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Auto History Museum Displays One Of General Motors’ First Self-Driving Test Vehicles

The camera- and sensor-equipped vehicle is the first autonomous car to be added to The Henry Ford collection. It'll be next to a 1959 Cadillac El Dorado at the "Driving America" exhibit, which chronicles the history of the automobile.

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Several Chevrolet Bolt EV vehicles are shown during a tour of the General Motors Orion Assembly plant in Orion Township, Michigan, Nov. 4, 2016. VOA

One of General Motors’ first self-driving test vehicles is going on display at an automotive history museum in suburban Detroit.

The Henry Ford history attraction announced Tuesday that it has acquired a modified pre-production Chevrolet Bolt electric vehicle.

FILE - In this Thursday, Dec. 15, 2016, file photo, General Motors Chairman and CEO Mary Barra speaks next to a autonomous Chevrolet Bolt electric car, in Detroit.
In this Thursday, Dec. 15, 2016, file photo, General Motors Chairman and CEO Mary Barra speaks next to a autonomous Chevrolet Bolt electric car, in Detroit. VOA

The GM-donated vehicle originally made its debut testing on the streets of San Francisco in 2016. Now it will be displayed at the Henry Ford Museum of American Innovation in Dearborn.

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The Henry Ford President and CEO Patricia Mooradian says self-driving capabilities “will fundamentally change our relationship with the automobile.” Pixabay

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The camera- and sensor-equipped vehicle is the first autonomous car to be added to The Henry Ford collection. It’ll be next to a 1959 Cadillac El Dorado at the “Driving America” exhibit, which chronicles the history of the automobile.

The Henry Ford President and CEO Patricia Mooradian says self-driving capabilities “will fundamentally change our relationship with the automobile.” She says the acquisition “is paramount in how we tell that story.” (VOA)

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Americans Prefer Driving By Themselves Than An Autonomous Vehicle Drive Them

Researchers, from Washington University have revealed that people in the US would rather drive themselves than have an autonomous vehicle

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Self driving, Driving, Americans, Vehicle, Transport
Through a survey, the team found that people considered a ride-hailing service at least 13 per cent "less expensive," in terms of time, compared to driving themselves. Wikimedia Commons

Researchers, including one of Indian-origin, from Washington University have revealed that people in the US would rather drive themselves than have an autonomous vehicle drive them.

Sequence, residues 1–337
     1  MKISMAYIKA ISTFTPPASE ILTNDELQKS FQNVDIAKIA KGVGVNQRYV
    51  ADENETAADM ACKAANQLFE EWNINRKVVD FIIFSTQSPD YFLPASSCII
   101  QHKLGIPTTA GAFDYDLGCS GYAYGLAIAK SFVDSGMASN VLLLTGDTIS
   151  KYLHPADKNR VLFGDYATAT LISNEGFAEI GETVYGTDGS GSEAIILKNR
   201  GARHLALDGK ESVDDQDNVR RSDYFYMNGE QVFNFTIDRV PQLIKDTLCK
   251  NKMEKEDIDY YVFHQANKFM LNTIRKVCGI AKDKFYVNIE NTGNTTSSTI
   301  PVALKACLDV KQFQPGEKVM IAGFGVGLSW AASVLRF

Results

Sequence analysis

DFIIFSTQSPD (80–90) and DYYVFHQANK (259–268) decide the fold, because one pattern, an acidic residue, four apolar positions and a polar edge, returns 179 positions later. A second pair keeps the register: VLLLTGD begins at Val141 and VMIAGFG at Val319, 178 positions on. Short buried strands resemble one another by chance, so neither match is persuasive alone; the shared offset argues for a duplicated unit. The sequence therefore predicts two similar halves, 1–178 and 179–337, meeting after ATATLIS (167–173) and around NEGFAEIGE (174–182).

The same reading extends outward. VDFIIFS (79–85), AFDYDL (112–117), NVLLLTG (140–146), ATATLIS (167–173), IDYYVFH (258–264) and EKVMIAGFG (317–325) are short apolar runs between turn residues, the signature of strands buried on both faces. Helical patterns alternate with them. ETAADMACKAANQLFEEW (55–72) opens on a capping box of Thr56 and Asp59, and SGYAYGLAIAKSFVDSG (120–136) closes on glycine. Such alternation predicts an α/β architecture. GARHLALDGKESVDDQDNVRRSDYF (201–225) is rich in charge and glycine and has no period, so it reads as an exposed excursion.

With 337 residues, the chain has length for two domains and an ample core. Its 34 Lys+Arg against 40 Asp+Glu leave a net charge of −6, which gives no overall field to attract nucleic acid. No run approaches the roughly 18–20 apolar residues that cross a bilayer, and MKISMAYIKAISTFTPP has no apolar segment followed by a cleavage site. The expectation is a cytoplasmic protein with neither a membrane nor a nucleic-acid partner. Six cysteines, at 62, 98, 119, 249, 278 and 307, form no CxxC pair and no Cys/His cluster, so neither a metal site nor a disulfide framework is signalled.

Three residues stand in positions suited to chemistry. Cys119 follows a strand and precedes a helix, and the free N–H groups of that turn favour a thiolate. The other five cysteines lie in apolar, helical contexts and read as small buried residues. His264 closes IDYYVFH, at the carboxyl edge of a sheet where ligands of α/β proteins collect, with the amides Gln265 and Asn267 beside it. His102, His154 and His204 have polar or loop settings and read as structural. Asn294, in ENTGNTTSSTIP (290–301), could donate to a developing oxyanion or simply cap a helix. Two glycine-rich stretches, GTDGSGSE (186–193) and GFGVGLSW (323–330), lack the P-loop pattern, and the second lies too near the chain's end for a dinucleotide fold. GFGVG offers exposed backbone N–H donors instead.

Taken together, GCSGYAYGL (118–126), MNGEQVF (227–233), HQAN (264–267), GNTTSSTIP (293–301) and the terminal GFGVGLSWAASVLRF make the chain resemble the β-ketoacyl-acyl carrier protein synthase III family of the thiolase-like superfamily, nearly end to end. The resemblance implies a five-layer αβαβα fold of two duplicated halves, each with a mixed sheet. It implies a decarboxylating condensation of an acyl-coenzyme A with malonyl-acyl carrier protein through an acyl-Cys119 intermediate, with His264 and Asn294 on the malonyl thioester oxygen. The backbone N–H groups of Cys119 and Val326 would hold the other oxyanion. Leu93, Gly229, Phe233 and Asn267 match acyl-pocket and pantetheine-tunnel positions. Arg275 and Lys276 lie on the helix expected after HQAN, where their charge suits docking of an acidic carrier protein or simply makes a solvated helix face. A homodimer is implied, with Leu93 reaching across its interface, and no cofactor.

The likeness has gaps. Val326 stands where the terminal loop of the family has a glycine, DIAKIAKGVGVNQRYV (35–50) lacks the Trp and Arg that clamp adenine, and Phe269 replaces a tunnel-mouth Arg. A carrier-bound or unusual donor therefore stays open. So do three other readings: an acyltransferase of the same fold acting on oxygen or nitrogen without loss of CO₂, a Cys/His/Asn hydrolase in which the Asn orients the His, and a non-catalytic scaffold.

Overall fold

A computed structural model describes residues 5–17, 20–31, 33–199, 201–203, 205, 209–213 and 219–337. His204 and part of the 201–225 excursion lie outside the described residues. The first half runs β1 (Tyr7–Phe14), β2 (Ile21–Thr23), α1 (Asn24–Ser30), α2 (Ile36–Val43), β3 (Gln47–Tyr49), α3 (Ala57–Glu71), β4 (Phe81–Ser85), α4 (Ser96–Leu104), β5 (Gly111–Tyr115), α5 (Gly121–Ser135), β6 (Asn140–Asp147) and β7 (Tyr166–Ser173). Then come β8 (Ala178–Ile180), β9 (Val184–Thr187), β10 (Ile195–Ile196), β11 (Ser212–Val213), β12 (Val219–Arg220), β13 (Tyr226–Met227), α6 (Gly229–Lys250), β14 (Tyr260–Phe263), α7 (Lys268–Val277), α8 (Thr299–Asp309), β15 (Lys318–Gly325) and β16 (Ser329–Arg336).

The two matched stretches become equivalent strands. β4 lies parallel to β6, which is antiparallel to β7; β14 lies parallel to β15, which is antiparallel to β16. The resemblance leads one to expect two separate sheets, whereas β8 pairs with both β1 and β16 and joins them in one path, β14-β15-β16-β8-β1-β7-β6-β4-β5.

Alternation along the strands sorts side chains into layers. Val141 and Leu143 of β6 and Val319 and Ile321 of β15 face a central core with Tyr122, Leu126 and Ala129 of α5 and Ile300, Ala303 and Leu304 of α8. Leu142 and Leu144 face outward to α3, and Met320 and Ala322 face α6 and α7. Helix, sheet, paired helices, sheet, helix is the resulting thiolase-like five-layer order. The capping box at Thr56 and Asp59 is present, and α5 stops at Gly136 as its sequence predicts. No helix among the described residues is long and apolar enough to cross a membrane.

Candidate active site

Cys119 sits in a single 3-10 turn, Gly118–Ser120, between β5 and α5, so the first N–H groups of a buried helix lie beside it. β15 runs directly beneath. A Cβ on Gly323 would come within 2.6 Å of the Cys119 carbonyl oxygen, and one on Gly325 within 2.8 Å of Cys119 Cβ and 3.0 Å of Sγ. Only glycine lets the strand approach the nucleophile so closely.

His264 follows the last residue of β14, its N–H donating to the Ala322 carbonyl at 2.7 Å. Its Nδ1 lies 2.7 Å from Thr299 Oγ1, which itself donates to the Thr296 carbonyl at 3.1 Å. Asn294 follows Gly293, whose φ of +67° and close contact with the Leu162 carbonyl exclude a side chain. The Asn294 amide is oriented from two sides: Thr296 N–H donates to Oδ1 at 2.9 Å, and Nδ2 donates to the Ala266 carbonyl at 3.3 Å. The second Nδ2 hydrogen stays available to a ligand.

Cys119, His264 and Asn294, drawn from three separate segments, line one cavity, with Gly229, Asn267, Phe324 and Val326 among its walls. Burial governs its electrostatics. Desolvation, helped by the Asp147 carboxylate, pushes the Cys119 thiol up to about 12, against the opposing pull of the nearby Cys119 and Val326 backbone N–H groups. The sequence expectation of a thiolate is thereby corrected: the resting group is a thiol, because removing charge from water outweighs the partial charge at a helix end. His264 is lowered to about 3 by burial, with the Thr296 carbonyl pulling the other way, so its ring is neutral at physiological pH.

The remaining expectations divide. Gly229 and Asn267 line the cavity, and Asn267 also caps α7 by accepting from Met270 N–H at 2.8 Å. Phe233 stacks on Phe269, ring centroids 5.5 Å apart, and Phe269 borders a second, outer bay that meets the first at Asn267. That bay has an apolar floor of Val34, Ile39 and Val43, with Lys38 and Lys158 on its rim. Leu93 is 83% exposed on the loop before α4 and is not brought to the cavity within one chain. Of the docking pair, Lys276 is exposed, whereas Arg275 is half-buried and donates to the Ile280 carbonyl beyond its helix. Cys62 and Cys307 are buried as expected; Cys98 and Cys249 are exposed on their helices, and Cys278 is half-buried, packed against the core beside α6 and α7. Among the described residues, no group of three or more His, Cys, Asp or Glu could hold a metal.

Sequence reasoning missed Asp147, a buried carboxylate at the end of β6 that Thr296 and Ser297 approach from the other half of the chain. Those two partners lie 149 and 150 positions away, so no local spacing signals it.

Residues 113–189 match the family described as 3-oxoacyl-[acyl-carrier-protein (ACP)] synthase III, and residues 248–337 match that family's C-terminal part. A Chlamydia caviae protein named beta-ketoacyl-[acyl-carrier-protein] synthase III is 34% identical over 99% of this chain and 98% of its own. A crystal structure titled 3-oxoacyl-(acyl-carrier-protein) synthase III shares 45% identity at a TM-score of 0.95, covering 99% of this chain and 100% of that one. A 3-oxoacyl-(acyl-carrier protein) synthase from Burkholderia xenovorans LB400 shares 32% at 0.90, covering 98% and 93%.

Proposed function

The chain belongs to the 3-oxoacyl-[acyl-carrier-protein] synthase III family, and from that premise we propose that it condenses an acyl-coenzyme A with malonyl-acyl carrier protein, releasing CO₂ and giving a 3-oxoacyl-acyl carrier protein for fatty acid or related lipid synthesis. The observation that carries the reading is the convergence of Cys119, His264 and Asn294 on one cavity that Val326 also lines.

Many Americans use a ride-hailing service — like Uber or Lyft — to get to and from work. It provides the privacy of riding in a personal car and the convenience of catching up on emails or social media during traffic jams.

In the future, self-driving vehicles could provide the same service, except without a human driver.

“The average person in our sample would find riding in a driverless car to be more burdensome than driving themselves. This highlights the risks of making forecasts based on how people say they would respond to driverless cars today,” said study senior author Don MacKenzie.

For the findings published in the journal Transportation, the research team studied how Americans’ perceived cost of commute time changes depending on who’s driving.

Self driving, Driving, Americans, Vehicle, Transport
Many Americans use a ride-hailing service — like Uber or Lyft — to get to and from work or. Pixabay

Through a survey, the team found that people considered a ride-hailing service at least 13 per cent “less expensive,” in terms of time, compared to driving themselves.

If the researchers told people the ride-hailing service was driverless, however, then the cost of travel time increased to 15 per cent more than driving a personal car, suggesting that at least for now, people would rather drive themselves than have an autonomous vehicle drive them.

During the survey, the research team asked people across the continental US to select between a personal car or a ride-hailing service for a 15-mile commute trip.

Half the 502 respondents were told that the ride-hailing service was driverless.

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The researchers converted the responses to a score of how much respondents deemed that trip would cost per hour.

“If someone values their trip time at $15 per hour, that means they dislike an hour spent travelling as much as they dislike giving up $15, so a lower number means that the time spent travelling for that trip is less burdensome,” said study co-author and Indian-origin researcher Andisheh Ranjbari.

According to the researchers, driverless cars aren’t commercially available yet, so people are not familiar with them or may be leery of the technology. (IANS)